Crime Library: Criminal Minds and Methods

Christian Brando — A Hollywood Family Tragedy

Sentencing Hearing

Over the next three months, prosecutors continued to build their case for the maximum 16-year sentence for Christian, who remained free on bail. For his part, Christian began to try to put his life back together, attending Alcoholics Anonymous meetings and working as a welder. He began taking responsibility for his actions and had come to terms with his fate.

"I did plead guilty to a manslaughter," he told the Los Angeles Times. "It's a tragedy and I do feel bad. If I could give my life to have him come back, I would do it, but there's nothing I can do.

"But are people going to spit on me all the time?" he asked rhetorically. "Can't I just go to jail? Is that OK?"

Then in March it was time for the hearing, which lawyers expected would last three days at least.

First up were the dueling psychological reports, with the prosecution painting Christian as a violence-prone dropout and threat to society. Citing an "ever-escalating pattern of violence," they used the divorce proceedings with Mary McKenna to show that Christian had threatened her with a gun, ("It was a little toy, a plastic gun left by a child I was babysitting," Mary countered) and was physically abusive.

"I was angry with Christian at the time," McKenna said. "There are, I guess, some exaggerations... I was just trying to teach him a lesson. He was acting like a brat."

Defense analysts described Christian as chronically depressed with somewhat diminished capacity due to drug abuse.

"He is a tempestuous kid from a tempestuous family, frustrated and angry about his life," said his psychiatrist, Dr. Saul Faerstein. "There is not a particle of antisocial attitudes and behavior which threatens society."

Faerstein blamed Christian's parents. "Neither of them provided a stable, protective, safe emotional environment for Christian to grow up in."

The courtroom was packed during the second day of the hearing when Marlon Brando took the stand to defend his son.

Marlon Brando
Marlon Brando

In a scene reminiscent of a similar non-trial event some 30 years before, when Lana Turner took the stand in a coroner's inquest to share intimate details of her life in an effort to save her daughter Cheryl from homicide charges, Marlon Brando gave an emotional performance. Like Turner's testimony, depending on which side the observer was on, Brando gave either a pitiful plea for mercy by a loving, but inept father, or was a master actor practicing his craft in the role of a lifetime.

For several hours under gentle questioning by Robert Shapiro, the elder Brando testified about how he failed his children. He sobbed, yelled and ran through every possible emotion during his lengthy testimony, sometimes giving rambling, almost incoherent answers to simple questions. Brando took some responsibility for Christian's upbringing, but placed much of the blame on Anna Kashfi, who was not present.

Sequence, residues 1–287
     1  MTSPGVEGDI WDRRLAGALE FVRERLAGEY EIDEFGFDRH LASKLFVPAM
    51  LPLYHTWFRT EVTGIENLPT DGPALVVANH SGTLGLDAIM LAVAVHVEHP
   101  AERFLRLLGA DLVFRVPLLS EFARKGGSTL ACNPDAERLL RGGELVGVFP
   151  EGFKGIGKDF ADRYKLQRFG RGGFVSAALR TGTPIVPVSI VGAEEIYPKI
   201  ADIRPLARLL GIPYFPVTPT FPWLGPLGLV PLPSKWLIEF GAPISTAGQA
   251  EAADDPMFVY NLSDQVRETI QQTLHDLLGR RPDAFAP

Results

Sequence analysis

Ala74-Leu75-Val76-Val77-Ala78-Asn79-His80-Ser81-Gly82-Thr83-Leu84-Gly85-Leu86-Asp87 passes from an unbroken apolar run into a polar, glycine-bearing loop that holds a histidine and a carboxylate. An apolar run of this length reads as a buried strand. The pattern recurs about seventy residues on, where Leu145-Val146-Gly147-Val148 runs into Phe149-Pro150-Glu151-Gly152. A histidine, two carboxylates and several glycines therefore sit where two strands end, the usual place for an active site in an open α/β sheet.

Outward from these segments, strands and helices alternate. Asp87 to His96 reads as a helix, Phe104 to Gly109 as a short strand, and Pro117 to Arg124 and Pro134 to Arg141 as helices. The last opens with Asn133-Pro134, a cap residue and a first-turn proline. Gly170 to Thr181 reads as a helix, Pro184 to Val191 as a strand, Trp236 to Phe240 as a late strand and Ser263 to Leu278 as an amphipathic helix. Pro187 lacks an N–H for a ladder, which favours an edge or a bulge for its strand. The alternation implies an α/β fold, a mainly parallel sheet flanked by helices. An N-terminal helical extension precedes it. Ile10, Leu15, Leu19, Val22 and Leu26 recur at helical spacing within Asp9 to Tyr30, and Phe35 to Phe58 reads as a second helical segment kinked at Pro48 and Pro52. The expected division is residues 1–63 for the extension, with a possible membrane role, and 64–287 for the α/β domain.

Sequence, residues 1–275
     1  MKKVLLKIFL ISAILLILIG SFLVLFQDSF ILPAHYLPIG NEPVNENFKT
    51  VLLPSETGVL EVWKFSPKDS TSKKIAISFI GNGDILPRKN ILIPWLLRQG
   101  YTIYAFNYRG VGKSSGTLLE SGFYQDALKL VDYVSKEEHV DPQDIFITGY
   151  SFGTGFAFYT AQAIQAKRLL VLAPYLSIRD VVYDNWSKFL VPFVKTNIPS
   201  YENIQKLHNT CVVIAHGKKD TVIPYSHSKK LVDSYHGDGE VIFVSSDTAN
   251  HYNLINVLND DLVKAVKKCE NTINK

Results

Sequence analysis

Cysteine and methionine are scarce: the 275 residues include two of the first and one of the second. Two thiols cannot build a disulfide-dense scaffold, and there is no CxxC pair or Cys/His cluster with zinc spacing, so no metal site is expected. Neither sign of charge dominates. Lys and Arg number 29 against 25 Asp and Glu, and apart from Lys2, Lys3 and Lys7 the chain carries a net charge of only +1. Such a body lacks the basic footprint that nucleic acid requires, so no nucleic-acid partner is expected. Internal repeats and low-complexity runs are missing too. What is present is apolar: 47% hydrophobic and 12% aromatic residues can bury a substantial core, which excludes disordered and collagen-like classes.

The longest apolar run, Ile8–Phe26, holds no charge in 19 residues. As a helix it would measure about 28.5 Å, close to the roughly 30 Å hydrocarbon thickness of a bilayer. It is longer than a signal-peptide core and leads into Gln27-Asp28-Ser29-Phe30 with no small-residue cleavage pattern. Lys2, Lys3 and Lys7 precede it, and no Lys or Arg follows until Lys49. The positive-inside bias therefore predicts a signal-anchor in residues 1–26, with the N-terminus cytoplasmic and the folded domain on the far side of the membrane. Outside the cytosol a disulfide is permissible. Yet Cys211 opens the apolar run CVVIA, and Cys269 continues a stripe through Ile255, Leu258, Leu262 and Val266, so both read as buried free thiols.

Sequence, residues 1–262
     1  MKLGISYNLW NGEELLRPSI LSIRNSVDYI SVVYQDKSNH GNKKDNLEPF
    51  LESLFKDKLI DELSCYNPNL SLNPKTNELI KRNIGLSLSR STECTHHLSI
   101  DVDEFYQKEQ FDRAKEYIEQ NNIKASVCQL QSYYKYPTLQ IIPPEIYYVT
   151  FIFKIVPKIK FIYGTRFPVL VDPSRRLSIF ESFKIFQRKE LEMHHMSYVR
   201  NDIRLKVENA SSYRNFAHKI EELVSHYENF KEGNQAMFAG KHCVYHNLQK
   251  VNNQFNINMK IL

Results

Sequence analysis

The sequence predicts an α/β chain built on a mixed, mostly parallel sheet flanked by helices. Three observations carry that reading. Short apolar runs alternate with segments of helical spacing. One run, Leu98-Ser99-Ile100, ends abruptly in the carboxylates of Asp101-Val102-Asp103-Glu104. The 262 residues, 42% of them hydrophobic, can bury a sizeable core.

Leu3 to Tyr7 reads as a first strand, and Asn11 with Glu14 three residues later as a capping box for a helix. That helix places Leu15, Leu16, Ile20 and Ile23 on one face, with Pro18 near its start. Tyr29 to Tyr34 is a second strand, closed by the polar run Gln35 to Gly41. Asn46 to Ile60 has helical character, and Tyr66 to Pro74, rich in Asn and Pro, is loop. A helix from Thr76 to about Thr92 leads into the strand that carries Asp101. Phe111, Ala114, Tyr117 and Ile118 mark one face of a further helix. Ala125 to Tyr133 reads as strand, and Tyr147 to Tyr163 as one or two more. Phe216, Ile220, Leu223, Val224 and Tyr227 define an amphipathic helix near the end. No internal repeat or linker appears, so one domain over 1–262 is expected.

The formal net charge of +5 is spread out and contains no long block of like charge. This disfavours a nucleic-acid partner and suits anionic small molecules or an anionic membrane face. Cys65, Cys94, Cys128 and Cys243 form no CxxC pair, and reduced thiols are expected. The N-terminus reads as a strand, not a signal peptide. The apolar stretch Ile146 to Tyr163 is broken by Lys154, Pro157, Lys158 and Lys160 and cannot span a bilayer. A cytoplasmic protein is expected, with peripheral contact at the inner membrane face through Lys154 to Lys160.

"She was probably the most beautiful woman I've ever known, but she came close to being as negative person as I have met in my life," Brando said. Then he began to look inward.

"I led a wasted life," he said, emotionally. "I chased a lot of women.

"Perhaps I failed as a father," he added. "The tendency is always to blame the other person. There were things I could have done differently, I did the best I could."

Then he grew angry at the packed courtroom, swinging his arm wildly about as he said "this is the MARLON Brando case. If Christian were black, Mexican or poor, he wouldn't be in this courtroom. Everyone wants a piece of the pie."

Finally, Marlon turned to Dag Drollet's family, including his five-year-old daughter, who was present in the courtroom. In French, he apologized to them.

"Je ne peux pas continuer la haine dans vos yeux. Je suis désolé avec mon coeur entier." ("I cannot continue with the hate in your eyes. I'm sorry with my whole heart.")

Then, his testimony over, Marlon Brando returned to his reclusive self and slipped out a back entrance, avoiding reporters.

The next day it was Christian's turn. Standing, head bowed, he made the standard defendant's plea of "If I could change places, I would."

Then, showing the emotional maturity and personal growth that nine months of sobriety had brought, he apologized to Dag's family and said simply, "I'm prepared for the consequences."

Finally, it was up to the judge. On the one hand, prosecutors wanted the full 16-year term for Christian, while the defense, of course, wanted as little time as possible. Judge Robert Thomas split the difference and gave Christian a ten-year sentence. Under the sentencing laws then in place, given time off for good behavior plus the time he had already served, Christian could have been released to a halfway house in as soon as four years.

"The only thing everyone can agree on is that this was a tragic situation for everyone it touched," Thomas said in handing down his sentence. 

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